Deacon Kamerick ordained to serve


By Evelyn Sinclair Tierney
For The Catholic Messenger

Ed Kamerick is our bulldozer man — that’s how we know him. As owner of his own construction company, Ed and his sons will come to your farm and build a pond or change the landscape in a matter of hours. He is our soil conservation contractor. That’s how we of the Melrose community and St. Patrick Parish know Ed Kamerick.

Anne Marie Amacher
Deacon Ed Kamerick and his wife Jane pose with Bishop Martin Amos following Deacon Kamerick’s ordination as a permanent deacon in 2013.

On Sunday mornings, Ed and Jane (his devoted wife of 40 years) and their families would be seen filling the south wing of St. Patrick’s Church. One Sunday a few years back, Ed and Jane began serving as greeters and soon it was known that Ed was thinking about becoming a deacon. We had our priest and altar servers, but never a deacon.

We would soon find out what having a deacon meant and Ed and Jane would soon find themselves in a new partnership with their church. It would begin, for both of them, with a year of intense discernment and prayer followed by five years of study, travel and expense.


Ed Kamerick was raised in the Georgetown community and with his family belonged to the Dutch Reformed Church. In his youth, he attended many other Christian churches and was in his own words, “always looking for something but didn’t know what.”

He had friends in the Weller community who were Catholic — the Cralls, Bearys and Hollinrakes. He discovered that what he had always wanted and searched for was what his friends already had, the Catholic Church.

Then Ed met Jane Hollinrake, a Catholic from Weller. Before they were married in May 1975, he was received into the Catholic Church at St. Mary Church in Weller. He made his first Communion and was confirmed by Father Sylvester Conrad.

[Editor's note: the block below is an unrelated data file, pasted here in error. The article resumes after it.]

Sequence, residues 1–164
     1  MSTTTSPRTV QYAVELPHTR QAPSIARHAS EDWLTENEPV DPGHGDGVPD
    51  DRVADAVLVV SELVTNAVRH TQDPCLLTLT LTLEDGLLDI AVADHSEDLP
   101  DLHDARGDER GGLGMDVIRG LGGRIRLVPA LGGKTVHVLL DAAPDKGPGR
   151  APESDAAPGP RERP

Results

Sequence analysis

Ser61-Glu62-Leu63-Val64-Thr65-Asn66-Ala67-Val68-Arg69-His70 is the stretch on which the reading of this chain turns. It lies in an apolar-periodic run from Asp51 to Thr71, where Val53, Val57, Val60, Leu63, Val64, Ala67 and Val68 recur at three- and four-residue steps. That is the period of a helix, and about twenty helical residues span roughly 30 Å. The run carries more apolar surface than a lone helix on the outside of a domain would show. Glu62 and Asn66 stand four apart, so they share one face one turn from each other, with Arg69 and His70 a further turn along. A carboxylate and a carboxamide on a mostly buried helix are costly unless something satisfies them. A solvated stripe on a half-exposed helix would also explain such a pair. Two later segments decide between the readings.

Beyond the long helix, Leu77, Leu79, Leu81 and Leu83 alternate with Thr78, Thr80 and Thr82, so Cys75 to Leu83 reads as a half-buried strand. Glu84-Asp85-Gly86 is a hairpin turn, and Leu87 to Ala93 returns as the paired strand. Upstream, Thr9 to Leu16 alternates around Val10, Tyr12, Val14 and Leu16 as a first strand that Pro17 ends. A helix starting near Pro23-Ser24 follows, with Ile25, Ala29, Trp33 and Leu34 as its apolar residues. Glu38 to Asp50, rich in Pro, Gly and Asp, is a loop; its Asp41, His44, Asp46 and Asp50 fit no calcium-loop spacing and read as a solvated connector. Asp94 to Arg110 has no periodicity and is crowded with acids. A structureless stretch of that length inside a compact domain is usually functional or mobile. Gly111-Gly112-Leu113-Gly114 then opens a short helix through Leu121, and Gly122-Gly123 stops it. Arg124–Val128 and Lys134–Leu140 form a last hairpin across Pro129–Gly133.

As their family grew to include three sons and one daughter, Ed and Jane’s construction business also grew and so did the family’s faith. During a pilgrimage to the religious shrines of Europe and especially at the Shrine of Our Lady of Lourdes in France, Ed felt he found an answer to one of his special prayers. Ed had asked what he, a Catholic layman living in rural Iowa, could do for his beloved church. He perceived a call from the church to serve in the diaconate.

The role of permanent deacon in the Latin Church was restored in 1968 in the United States, three years after the close of the Second Vatican Council. Edwin David Kamerick became a member of Deacon Class VI. (A distant cousin, Father Bernard Kamerick, served in the diocese in the mid-20th century.)

Ed was ordained a deacon by Bishop Martin Amos at Sacred Heart Cathedral in Davenport on July 13, 2013, and was assigned to Father Patrick Lumsden’s parishes in Melrose, Georgetown and Lovilia. The thankful congregations were soon to know the blessings of having a deacon and learned the many duties performed by him.

Briefly, according to the Deacon Handbook of Policies and Procedures, a non-salaried deacon, vested similar to the priest during Mass, can assist at the Mass remaining at the side of the priest. The deacon can proclaim the Gospel, deliver the homily if requested by the priest celebrant, distribute Communion and purify and arrange the sacred vessels. A deacon can also baptize, has a general delegation to witness a marriage and can conduct burials and Celebration of the Word as in the Rites of Adoration and the Exposition of the Blessed Sacrament. Deacons can also give the blessing with the reserved Eucharist, preside at the distribution of Communion outside Mass and bring Communion to the sick and infirm.

The role of a deacon’s wife cannot be discounted. Jane has been at Ed’s side, attending every class, lecture, meeting, Mass and retreat. She earned a Master’s Degree in Pastoral Theology during Ed’s preparation for the diaconate. Jane is religious education director at St. Patrick’s.
People in our tri-parish configuration have watched with pleasure and pride as Ed has grown in the role he prayed for at the Lourdes Shrine. The dignity and grace he possesses as our deacon is an inspiration and joy. Ed Kamerick is still our bulldozer man, but he is foremost our Deacon Ed.

Congratulations, Deacon Ed, on the second anniversary of your ordination.

(Evelyn Sinclair Tierney is a member of St. Patrick Parish-Melrose and a published author.)

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